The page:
Adil Saleh 21:28 Yeah, a lot of tech companies that I know, they have product owners, product managers, they directly talk to customers once every month, if there are some feature updates, they go talk to talk to them about the feature, if they want to any sort of enhancement, any kind of feedback that they want to receive to be able to ship the product in a better way, the better experience. So it’s all about the product, when it comes to a product based business. At the end of the day, the product is the center of everything, if that is working good, you’re able to deliver the value, you’re able to build the relationship. It’s not just about you know, having the customer facing team talking about and building relationship but not you know, for for someone that has made a transaction to the sales revenue initially for the product that is actually going to do something solve their problem into the business operations. And that’s not been served. So it is at the end of the day, and the product is business in a tech business. It’s more about who are the people that are taking decisions on the product and how they are getting the information is super important. A lot of teams that we we also know that they have kind of technical onboarding managers, or maybe kind of a solution architects of source to their technical, technical knowledge to gather information and put it to the product team. That works. But in case, as you mentioned, you need product owners or product managers to talk directly to the customer. So now talking about this journey that you explain. And also the technology, we preach too much about investing in data, making sure you have a unified or centralized place where your customer facing team, specifically customer success team has all the data points has all the information in a more unified place, just like a source of truth for CSMs. So how does that play out in your organization?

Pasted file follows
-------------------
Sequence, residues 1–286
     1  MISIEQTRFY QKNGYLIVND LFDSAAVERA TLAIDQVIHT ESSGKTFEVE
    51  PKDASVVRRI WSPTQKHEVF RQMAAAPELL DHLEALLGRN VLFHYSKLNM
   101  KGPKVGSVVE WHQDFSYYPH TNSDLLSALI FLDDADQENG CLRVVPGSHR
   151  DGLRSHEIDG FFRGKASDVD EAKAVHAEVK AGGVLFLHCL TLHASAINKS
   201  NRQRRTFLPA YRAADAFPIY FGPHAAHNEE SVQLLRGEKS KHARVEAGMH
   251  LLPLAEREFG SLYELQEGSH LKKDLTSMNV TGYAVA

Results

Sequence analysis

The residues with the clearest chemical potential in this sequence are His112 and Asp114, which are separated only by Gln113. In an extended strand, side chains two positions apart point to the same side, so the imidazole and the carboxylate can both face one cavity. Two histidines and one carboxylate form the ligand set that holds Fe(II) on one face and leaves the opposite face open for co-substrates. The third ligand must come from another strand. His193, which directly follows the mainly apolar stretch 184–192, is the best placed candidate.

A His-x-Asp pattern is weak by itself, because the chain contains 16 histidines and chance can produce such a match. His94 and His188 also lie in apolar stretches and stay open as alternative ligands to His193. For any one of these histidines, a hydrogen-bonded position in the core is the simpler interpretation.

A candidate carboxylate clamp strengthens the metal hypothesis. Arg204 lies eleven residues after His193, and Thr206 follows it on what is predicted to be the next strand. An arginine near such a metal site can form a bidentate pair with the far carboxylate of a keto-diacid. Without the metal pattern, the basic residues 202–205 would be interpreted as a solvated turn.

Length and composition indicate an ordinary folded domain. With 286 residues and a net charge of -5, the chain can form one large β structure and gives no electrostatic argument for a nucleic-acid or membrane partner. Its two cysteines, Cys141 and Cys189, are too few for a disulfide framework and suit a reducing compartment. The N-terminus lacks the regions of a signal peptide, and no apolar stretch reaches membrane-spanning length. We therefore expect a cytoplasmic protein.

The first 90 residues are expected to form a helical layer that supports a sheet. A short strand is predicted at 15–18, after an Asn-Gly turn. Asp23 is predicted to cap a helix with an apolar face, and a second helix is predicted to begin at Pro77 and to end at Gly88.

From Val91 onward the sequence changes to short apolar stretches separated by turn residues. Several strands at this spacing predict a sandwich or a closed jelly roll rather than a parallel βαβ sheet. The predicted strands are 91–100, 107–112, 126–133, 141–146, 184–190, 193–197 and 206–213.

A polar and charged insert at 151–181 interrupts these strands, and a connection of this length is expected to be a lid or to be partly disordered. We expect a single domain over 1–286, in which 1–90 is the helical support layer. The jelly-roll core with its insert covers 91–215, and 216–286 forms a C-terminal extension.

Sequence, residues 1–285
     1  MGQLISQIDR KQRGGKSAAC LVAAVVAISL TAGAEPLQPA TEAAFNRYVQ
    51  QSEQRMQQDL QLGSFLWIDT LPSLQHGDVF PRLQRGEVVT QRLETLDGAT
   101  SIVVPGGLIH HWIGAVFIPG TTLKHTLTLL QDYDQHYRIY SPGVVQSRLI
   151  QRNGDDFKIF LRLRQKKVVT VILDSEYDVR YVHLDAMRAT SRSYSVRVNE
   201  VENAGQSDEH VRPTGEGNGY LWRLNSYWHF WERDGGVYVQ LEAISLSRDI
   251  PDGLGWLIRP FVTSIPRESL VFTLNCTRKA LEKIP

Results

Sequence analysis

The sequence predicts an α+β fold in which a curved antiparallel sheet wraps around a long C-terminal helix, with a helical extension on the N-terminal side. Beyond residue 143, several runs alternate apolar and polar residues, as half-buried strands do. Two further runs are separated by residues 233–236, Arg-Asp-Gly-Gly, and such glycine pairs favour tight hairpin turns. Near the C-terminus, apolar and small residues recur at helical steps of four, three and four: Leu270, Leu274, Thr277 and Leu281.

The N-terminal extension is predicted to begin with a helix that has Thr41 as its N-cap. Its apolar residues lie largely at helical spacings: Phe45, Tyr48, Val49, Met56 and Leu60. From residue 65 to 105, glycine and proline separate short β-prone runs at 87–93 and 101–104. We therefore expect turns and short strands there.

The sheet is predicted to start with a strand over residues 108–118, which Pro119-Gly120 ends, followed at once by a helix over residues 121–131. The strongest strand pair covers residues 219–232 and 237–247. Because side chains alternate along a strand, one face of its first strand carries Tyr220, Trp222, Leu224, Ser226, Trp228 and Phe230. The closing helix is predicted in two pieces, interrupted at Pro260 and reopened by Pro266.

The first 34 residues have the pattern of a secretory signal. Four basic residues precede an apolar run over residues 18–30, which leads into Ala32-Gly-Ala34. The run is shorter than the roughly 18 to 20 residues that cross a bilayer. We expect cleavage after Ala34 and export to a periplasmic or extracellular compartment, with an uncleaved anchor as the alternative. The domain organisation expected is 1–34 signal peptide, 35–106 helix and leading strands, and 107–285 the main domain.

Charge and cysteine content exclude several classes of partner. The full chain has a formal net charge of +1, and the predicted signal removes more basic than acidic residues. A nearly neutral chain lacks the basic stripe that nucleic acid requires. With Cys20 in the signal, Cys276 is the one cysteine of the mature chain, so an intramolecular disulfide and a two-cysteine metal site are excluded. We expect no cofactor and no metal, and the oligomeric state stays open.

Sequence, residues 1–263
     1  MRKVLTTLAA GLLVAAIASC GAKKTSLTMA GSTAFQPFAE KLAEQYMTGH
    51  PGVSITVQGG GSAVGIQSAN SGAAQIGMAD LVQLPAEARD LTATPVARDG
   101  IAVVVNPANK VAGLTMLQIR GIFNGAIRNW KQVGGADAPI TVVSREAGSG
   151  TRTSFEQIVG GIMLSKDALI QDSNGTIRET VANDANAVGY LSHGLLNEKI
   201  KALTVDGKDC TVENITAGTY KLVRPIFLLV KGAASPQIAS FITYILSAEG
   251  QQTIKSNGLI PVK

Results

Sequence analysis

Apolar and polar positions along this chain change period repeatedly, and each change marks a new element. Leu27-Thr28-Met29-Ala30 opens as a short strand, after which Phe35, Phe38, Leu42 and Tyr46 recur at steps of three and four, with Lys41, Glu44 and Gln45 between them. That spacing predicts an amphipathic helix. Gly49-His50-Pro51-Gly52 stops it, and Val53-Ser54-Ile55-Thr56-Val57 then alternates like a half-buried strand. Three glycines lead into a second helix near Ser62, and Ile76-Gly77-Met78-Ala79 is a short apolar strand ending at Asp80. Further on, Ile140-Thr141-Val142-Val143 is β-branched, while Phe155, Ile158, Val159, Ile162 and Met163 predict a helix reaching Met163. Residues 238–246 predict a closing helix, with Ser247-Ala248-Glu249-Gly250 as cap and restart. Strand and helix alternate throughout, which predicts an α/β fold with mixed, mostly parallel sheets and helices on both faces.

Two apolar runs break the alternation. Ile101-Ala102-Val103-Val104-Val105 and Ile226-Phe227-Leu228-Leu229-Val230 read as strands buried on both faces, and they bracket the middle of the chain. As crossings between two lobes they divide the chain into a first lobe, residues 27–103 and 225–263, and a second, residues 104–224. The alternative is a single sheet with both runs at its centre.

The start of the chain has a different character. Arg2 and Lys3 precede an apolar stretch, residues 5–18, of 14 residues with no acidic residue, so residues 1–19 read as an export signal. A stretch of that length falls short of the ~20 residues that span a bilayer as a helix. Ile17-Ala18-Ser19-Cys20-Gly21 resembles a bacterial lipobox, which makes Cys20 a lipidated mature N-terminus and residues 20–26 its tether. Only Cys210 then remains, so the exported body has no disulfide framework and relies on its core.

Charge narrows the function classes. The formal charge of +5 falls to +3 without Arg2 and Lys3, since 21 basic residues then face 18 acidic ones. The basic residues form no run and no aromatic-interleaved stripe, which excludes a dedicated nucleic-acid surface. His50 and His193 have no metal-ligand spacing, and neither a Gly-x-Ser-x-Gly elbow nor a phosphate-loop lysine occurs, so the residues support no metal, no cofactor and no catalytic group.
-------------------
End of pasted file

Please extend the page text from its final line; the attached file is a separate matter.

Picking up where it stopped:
Brian Nicholls 23:10 Right now, it hasn’t manifested itself, probably as completely or wholly as other organizations, we still have to go two to three, probably three or four different places sometimes to get to get information. And I think the takeaway here again, it comes back to I think, what’s best for your organization, it really depends on who the customer base is, and kind of how you want to run it. And so if it’s critical for your organization, your CS team to have you know, all your data in one place, then app investing in one of those tools is is absolutely the way to go. For us right now we’ve been able to have success without that doesn’t mean that necessarily, that’ll be the case moving forward as we evolve. And so it kind of comes back to, you know, figuring out what’s best for you and your team and executing from from there.
Taylor Kenerson 24:13
I love and you you also touched on that a bit, Brian, previously with the QBRs and reshaping your perspective on the reviews just because every other business mostly takes their, you know, mid, you know, enterprise customer, customers and have these quarterly business reviews doesn’t mean that you have to, you know, as an organization, if that’s not what works with your clients and with their needs. And I think that goes back to the original theory that you know, one of your your fundamentals is are you actually providing value to the client? And it’s actually looking at every single thing you do as a company to serve value and is in looking at it and saying, is this actually providing value or is this just generating a time waste and then that turns into, you know, churn and such like that, but just before we wrap, I would love if you could dive a little bit into you know, the team and how you go about hiring something, maybe what you look for, and people that you want on your team. And also, if you have any openings, you could dive into that as well.
Brian Nicholls 25:17